Corsica Is Not the Next Catalonia

Facade of the Church of Saint John the Baptist in Bastia, Corsica
Facade of the Church of Saint John the Baptist in Bastia, Corsica (Wikimedia Commons)

Earlier this month, a nationalist coalition called Pè a Corsica (For Corsica) won control of the island’s regional assembly with 56.5 percent of the votes.

Pè a Corsica‘s success may certainly entail more bargaining power for the island vis-à-vis a staunchly centralist French government and it represents yet another European region seeking to forge its own path away from a dominant nation state.

But it is unlikely to lead to a Catalonia-style rebellion. Read more

Macron Bounces Back in Polls. Does It Matter?

French president Emmanuel Macron chats with a guard at the Elysée Palace in Paris, December 19
French president Emmanuel Macron chats with a guard at the Elysée Palace in Paris, December 19 (Elysée/Ghislain Mariette)

When French president Emmanuel Macron’s popularity was down earlier this year, I cautioned against reading too much into it.

Macron has four years left until he must face voters again. His party has a comfortable majority in the National Assembly and he enjoys the support of both businesses and the largest trade unions for economic reforms.

Now that his approval rating is up — from around 30 percent, which corresponds with the support he got in the first presidential voting round, to over 50 percent — I can hardly argue it is more significant. Read more

French Republicans Lurch Right with Wauquiez

French Republican leader Laurent Wauquiez attends a memorial ceremony in Colombey-les-Deux-Églises, November 9
French Republican leader Laurent Wauquiez attends a memorial ceremony in Colombey-les-Deux-Églises, November 9 (Facebook)

Republicans in France are likely to take a harder line against President Emmanuel Macron under the leadership of Laurent Wauquiez.

An education minister in the last conservative government, Wauquiez prevailed in an internal leadership ballot on Sunday with almost 75 percent of the votes.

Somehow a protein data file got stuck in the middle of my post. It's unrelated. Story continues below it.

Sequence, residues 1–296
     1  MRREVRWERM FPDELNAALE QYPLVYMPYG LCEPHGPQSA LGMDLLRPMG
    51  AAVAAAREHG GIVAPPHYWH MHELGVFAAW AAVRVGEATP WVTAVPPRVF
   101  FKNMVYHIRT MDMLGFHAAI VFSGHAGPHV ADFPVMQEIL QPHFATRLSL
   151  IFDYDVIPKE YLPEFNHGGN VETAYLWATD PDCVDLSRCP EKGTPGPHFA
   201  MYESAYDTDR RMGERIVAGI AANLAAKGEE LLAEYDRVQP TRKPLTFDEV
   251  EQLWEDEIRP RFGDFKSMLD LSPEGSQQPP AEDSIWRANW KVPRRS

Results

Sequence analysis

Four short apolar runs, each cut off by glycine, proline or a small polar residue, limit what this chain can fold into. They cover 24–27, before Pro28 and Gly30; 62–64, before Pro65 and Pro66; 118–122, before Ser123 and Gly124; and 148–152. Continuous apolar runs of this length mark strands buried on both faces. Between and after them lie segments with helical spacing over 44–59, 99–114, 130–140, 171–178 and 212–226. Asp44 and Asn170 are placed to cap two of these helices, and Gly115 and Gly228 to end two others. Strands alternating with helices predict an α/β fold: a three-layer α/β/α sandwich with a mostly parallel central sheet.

He has ruled out alliances with both Macron’s centrists and the far-right National Front.

But he argues the party must take the fight to the latter by returning to what he sees as the “true values of the right”: order, respect and security. Read more

Momentum for Macron’s EU Reforms, But Obstacles Ahead

Paolo Gentiloni, Mariano Rajoy, Emmanuel Macron, Angela Merkel and Mark Rutte, the leaders of Italy, Spain, France, Germany and the Netherlands, deliver a joint news conference in Berlin, June 29
Paolo Gentiloni, Mariano Rajoy, Emmanuel Macron, Angela Merkel and Mark Rutte, the leaders of Italy, Spain, France, Germany and the Netherlands, deliver a joint news conference in Berlin, June 29 (La Moncloa)

France’s push for closer European integration is gaining momentum.

  • Martin Schulz, the leader of Germany’s Social Democrats, has conditioned another grand coalition government with Angela Merkel’s Christian Democrats on support for Emmanuel Macron’s proposals.
  • Armin Laschet, the prime minister of Germany’s most populous state, North Rhine-Westphalia, and a prominent Christian Democrat has come out in support of the French agenda.
  • The European Commission has unveiled its own proposals for closer economic and fiscal integration that resemble Macron’s. Read more

Emmanuel Macron: Free Trader or Protectionist?

French president Emmanuel Macron greets Spanish prime minister Mariano Rajoy outside the Elysée Palace in Paris, France, June 16
French president Emmanuel Macron greets Spanish prime minister Mariano Rajoy outside the Elysée Palace in Paris, France, June 16 (La Moncloa)

Is Emmanuel Macron a free trader? Or a traditional French protectionist?

Probably somewhere in between: more liberal than his recent predecessors, but not the libertarian some of his admirers were hoping for.

Nicholas Vinocur lists the complaints against Macron, as well as the arguments in his favor, at Politico. Read more

French Right Struggles to Unite Against Macron

French Republican leader Laurent Wauquiez attends a memorial ceremony in Colombey-les-Deux-Églises, November 9
French Republican leader Laurent Wauquiez attends a memorial ceremony in Colombey-les-Deux-Églises, November 9 (Facebook)

France’s two right-wing parties are struggling to remain united in the era of Emmanuel Macron.

  • Lawmakers friendly to the president have split from the center-right Republicans to form a new party, Agir (Act).
  • Prominent Republicans, like Bruno Le Maire and Édouard Philippe, have joined Macron’s government.
  • More centrists are expected to defect if the hardliner Laurent Wauquiez prevails in a party leadership vote next month.
  • The far right is also divided: Marine Le Pen’s former right-hand man, Florian Philippot, has created a new party to appeal to blue-collar workers in the rust belt of northern France while the rest of the National Front is focused on its heartland in the socially conservative southeast. Read more

Poland Makes Mistake Engaging with France But Not Germany

French president Emmanuel Macron welcomes Polish prime minister Beata Szydło in Paris, November 23
French president Emmanuel Macron welcomes Polish prime minister Beata Szydło in Paris, November 23 (KPRM)

If Poland believes it can make up for its poor relations with neighboring Germany by deepening ties with France, it is making a mistake. Read more